Frontal suture

From Wikipedia, the free encyclopedia
Jump to: navigation, search
Frontal suture
Frontal suture.png
Skull at birth, seen from above
Crane suture metopique 01 04 2012 2 B.jpg
Persistent frontal suture in adult human skull
Details
Latin sutura frontalis
Identifiers
Gray's p.178
TA A02.1.03.007
FMA FMA:52989
Anatomical terms of bone

The frontal suture is a dense connective tissue structure that divides the two halves of the frontal bone of the skull in infants and children. It usually disappears by the age of six, with the two halves of the frontal bone being fused together. It is also called the metopic suture,[1][2] although this term may also refer specifically to a persistent frontal suture[3] (further detailed in section below).

If the suture is not present at birth because both frontal bones have fused (craniosynostosis), it will cause a keel-shaped deformity of the skull called "trigonocephaly."

It is present in a fetal skull so that the skull can bend and is very elastic at the time of birth. The baby's head bends when coming out of the mother's womb. The space is filled as the child grows older.

Persistent frontal suture[edit]

In some individuals the suture can persist (totally or partly) into adulthood, and in these cases it is referred to as a persistent metopic suture. The suture can either bisect the frontal bone and run from nasion to bregma or persist as a partial metopic suture (see image of frontal bone)[4] (where part of the suture survives and is connected to either bregma or nasion) or as an isolated metopic fissure. Persistent frontal sutures are of no clinical significance, although they can be mistaken for cranial fractures.[5] As persistent frontal sutures are visible in radiographs, they can be useful for the forensic identification of human skeletal remains. Persistent frontal sutures should not be confused with supranasal sutures (a small zig-zag shaped suture located at and/or immediately superior to the glabella).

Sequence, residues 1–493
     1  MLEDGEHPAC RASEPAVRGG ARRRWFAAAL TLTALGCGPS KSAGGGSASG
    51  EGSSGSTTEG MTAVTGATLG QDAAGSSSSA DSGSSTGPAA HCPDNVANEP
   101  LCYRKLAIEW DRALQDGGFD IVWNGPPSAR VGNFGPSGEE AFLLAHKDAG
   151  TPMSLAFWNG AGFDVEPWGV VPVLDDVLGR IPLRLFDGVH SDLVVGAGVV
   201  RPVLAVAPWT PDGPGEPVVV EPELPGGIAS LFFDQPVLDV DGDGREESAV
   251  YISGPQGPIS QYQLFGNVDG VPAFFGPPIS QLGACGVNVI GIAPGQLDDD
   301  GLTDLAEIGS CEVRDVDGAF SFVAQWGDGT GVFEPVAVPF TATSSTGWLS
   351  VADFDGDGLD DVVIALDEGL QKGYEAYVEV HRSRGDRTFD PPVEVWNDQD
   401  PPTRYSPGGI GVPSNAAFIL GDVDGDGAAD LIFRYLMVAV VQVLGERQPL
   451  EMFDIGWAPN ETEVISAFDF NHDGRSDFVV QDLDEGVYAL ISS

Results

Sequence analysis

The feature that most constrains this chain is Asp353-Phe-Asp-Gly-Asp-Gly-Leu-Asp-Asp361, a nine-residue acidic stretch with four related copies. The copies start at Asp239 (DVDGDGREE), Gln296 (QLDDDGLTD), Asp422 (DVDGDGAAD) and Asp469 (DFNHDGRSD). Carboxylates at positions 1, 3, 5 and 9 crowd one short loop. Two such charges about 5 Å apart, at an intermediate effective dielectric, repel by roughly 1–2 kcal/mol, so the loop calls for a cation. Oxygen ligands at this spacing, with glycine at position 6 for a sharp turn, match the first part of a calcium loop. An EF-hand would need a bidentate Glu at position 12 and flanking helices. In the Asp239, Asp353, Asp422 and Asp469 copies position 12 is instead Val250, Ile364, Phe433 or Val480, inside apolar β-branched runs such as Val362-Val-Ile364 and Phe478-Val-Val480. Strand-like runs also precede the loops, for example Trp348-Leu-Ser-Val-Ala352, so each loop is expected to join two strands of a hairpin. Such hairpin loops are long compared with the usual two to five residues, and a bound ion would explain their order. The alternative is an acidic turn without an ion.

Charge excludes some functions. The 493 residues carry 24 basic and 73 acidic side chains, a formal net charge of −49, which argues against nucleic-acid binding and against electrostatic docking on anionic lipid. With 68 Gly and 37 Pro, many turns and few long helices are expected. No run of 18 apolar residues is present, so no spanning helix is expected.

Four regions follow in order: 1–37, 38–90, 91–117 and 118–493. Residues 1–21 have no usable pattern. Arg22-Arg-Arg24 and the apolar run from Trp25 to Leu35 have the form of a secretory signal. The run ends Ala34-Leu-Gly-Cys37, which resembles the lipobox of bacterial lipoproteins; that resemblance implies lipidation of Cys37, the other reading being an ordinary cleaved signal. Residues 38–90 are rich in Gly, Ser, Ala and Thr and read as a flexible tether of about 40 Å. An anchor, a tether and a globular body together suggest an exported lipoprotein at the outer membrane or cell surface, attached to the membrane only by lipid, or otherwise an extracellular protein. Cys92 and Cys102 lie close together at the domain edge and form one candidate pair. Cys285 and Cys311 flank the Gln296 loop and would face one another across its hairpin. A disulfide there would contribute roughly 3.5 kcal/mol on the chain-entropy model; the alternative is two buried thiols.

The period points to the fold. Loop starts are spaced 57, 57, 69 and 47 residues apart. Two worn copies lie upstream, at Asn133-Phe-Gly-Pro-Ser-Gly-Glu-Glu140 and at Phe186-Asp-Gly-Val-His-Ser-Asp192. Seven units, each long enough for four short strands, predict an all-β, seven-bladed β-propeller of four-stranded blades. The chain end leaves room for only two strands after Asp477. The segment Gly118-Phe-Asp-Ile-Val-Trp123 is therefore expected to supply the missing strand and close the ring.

Additional Images[edit]

Human baby skull. 
Human baby skull seen from top. Cranial sutures are depicted. Frontal suture is highlighted in blue. 
Human baby skull. 
Outer surface of frontal bone, adult human skull. ("Remains of frontal suture" identified at center.) 
Human baby skull. Anterior view. 

References[edit]

  1. ^ Page 497 in: Benz-Bohm, G.; Klaus-Dietrich Ebel (1999). Differential diagnosis in pediatric radiology. Stuttgart: Thieme. ISBN 3-13-108131-7. 
  2. ^ Medscape > Congenital Synostoses, by Silvio Podda, MD. Updated: Aug 18, 2010
  3. ^ Dictionary.com > metopic suture in turn citing: The American Heritage, Stedman's Medical Dictionary, Copyright 2002
  4. ^ Bademci G, Kendi T and Agalar F. 2007. "Persistent metopic suture can mimic the skull fractures in the emergency setting?" Neurocirugía 18: 238.
  5. ^ Bademci G, Kendi T and Agalar F. 2007. "Persistent metopic suture can mimic the skull fractures in the emergency setting?" Neurocirugía 18: 238-240.
  • "Frontal Suture." Stedman's Medical Dictionary, 27th ed. (2000). 1570345[ dead link ] - Stedman's Online Medical Dictionary at Lippincott Williams and Wilkins
  • Moore, Keith L. and T.V.N. Persaud. The Developing Human: Clinically Oriented Embryology, 7th ed. (2003).
  • Pediatric Plastic Surgery, Mathes and Hetz. chapter 92; nonsyndromic craniostosis.

See also[edit]